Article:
Black Moth Super Rainbow - Cobra Juicy

Black Moth Super Rainbow - Cobra Juicy

Using your imagination is a large part of BMSR’s character, musically and otherwise.


Imagine if Air’s ‘Moon Safari’ was more of the sort of safari Hemingway would’ve got blotto on and then fired his rifle at anything that moved. Imagine if the Black Keys had grown up with a more eclectic musical taste. Imagine if Death In Vegas had stayed as sinister but cared about writing pop songs. If we’ve done our job properly, you’ll have just imagined the exact sound of ‘Cobra Juicy’ and, to a greater or lesser extent, the entire career of Black Moth Super Rainbow themselves.

Using your imagination is a large part of BMSR’s character, musically and otherwise; on stage and in the press they lurk in the shadows, WU LYF-like, preferring to exist under pseudonyms than given names and rarely giving interviews. On their records, frontman Tobacco’s (hard to believe that’s not the name his mother gave him) voice is squashed between about three layers of vocoder, making it androgynous, trippy and hard to make out what he’s actually singing - not that it usually matters, since whenever you catch an intelligible lyric, it doesn’t make a whole lot of sense. Which is actually pretty fun, like trying to catch the words to a song on a car radio that keeps fading in and out.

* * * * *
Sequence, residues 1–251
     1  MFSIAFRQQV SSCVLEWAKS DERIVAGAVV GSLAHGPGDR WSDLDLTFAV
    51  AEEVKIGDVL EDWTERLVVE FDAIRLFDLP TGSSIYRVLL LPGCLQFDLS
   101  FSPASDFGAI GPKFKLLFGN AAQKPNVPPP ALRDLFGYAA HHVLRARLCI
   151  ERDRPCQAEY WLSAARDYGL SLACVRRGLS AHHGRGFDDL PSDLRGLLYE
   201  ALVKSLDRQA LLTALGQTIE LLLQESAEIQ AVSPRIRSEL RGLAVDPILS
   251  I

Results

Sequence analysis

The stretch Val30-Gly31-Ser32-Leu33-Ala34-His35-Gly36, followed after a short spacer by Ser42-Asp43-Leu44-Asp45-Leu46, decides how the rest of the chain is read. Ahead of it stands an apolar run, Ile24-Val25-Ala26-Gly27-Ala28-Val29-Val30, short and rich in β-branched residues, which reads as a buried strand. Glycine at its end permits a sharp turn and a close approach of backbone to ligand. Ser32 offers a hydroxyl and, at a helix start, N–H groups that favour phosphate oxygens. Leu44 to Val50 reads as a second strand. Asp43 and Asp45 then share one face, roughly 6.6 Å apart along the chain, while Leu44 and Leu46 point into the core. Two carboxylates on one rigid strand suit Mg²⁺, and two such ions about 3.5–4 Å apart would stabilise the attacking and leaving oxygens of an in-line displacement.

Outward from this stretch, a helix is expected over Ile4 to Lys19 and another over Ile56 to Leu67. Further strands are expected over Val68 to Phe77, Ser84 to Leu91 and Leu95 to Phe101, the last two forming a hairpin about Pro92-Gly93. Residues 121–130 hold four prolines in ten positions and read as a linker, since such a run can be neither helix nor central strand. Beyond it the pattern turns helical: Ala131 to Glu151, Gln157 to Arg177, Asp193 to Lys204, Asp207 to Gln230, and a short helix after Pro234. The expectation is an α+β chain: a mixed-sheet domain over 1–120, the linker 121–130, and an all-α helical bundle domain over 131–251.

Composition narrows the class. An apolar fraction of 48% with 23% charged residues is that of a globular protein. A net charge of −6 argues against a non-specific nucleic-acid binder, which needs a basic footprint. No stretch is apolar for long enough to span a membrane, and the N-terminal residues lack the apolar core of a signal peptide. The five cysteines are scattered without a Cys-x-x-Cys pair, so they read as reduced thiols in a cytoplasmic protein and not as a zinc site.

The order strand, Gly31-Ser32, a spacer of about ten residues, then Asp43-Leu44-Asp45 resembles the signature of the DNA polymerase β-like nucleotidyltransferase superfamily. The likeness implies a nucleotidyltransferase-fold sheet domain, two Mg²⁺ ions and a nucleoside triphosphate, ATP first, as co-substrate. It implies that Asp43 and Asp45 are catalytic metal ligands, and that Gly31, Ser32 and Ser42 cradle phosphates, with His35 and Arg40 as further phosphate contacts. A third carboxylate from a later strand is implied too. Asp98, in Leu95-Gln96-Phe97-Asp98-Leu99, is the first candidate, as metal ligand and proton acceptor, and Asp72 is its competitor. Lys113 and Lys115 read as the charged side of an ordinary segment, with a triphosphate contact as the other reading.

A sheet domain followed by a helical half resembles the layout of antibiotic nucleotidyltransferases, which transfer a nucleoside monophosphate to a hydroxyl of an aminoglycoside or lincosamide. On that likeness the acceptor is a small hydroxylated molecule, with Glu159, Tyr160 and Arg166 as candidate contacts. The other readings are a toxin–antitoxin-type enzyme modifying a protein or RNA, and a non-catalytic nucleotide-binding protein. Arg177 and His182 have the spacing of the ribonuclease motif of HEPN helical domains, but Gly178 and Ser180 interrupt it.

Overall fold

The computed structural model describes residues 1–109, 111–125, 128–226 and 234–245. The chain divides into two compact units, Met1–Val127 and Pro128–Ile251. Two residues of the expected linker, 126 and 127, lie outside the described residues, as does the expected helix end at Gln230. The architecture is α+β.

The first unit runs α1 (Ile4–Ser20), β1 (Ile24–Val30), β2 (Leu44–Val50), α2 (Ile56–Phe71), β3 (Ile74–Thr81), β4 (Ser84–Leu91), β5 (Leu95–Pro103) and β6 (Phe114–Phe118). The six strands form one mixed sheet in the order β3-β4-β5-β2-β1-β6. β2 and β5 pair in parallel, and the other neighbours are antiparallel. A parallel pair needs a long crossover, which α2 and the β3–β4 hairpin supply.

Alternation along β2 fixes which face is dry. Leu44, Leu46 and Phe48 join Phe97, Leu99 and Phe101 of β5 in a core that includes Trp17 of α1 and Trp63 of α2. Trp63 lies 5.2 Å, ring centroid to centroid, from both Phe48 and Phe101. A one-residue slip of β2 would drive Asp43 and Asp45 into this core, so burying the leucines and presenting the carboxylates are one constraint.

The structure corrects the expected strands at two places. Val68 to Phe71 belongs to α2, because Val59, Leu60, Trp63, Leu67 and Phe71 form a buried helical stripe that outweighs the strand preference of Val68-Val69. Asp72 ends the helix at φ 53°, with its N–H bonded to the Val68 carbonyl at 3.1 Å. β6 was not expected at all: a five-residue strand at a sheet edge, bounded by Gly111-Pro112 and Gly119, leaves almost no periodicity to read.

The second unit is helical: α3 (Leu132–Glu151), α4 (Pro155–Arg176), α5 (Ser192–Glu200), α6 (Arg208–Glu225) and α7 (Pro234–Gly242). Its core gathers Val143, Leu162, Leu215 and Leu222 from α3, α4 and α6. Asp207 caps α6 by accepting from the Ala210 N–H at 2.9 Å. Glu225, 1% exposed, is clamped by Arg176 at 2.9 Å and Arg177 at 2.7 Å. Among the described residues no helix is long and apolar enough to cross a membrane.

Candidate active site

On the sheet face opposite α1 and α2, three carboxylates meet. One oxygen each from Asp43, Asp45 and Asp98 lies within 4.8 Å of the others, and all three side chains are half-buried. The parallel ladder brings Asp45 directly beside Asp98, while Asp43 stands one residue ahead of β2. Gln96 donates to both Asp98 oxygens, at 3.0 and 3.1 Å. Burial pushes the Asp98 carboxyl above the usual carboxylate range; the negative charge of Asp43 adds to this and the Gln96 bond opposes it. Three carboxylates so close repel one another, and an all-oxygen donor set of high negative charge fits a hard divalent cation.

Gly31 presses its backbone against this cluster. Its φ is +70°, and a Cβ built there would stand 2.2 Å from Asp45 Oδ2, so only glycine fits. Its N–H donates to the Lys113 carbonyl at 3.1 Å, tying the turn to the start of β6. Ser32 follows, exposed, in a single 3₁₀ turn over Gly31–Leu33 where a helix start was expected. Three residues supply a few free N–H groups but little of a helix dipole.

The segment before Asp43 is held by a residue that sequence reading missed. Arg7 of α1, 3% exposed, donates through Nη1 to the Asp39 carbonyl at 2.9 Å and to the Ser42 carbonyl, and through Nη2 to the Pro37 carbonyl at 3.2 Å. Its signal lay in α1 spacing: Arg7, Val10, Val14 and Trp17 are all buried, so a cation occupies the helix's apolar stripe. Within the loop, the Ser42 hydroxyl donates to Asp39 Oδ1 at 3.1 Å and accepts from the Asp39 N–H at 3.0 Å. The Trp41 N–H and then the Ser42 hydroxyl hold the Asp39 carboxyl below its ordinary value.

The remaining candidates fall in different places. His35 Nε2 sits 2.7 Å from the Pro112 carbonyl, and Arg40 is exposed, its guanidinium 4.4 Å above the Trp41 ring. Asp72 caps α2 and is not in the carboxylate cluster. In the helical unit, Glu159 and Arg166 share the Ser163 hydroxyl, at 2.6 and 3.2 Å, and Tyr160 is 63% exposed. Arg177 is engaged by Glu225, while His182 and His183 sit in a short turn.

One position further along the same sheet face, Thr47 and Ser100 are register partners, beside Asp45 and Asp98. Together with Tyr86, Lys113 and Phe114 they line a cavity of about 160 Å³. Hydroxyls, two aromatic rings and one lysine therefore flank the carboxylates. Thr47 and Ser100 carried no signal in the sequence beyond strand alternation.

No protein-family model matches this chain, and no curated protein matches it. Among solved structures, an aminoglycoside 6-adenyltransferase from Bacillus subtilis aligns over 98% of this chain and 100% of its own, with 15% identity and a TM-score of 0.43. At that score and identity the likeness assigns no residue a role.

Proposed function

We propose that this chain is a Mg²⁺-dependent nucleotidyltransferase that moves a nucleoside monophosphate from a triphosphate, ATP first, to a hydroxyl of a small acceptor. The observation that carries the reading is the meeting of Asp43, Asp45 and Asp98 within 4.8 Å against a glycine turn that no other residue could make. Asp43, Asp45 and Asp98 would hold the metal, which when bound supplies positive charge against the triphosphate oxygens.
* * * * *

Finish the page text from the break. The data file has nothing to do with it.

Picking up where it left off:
‘Cobra Juicy’ properly engages you with its music, which is why it seems disingenuous to describe it as ‘psychedelic’ - which many do, have done, and no doubt will again - since it rarely becomes an indulgent, rainbow-coloured stream to float your unconscious down (putting aside the slide guitar and swirling synths of ‘Psychic Love Damage’ - you probably could’ve known that from the title, though), unless you want your unconscious to go to some pretty dark places. 

Each track on the record - from the swaggering, beat-heavy opener ‘Windshield Smasher’ to closer ‘Spraypaint’, a multi-layered synth sundae - has all the musical hallmarks of bright, glittering electro-pop, but there’s a sneaking suspicion that there’s something a bit nasty below the surface. The basslines that rumble beneath each track of squelchy keys and 808s hints at it, and the vocals often put it across explicitly - when you can hear them, that is - on songs like ‘I Think I’m Evil’. It’s a unique record in the wider sense, but maybe less so within the band’s own back catalogue - if you’ve yet to be snake-charmed by the occasionally venomous but oh-so-shiny Black Moth Super Rainbow, this is certainly a good place to start.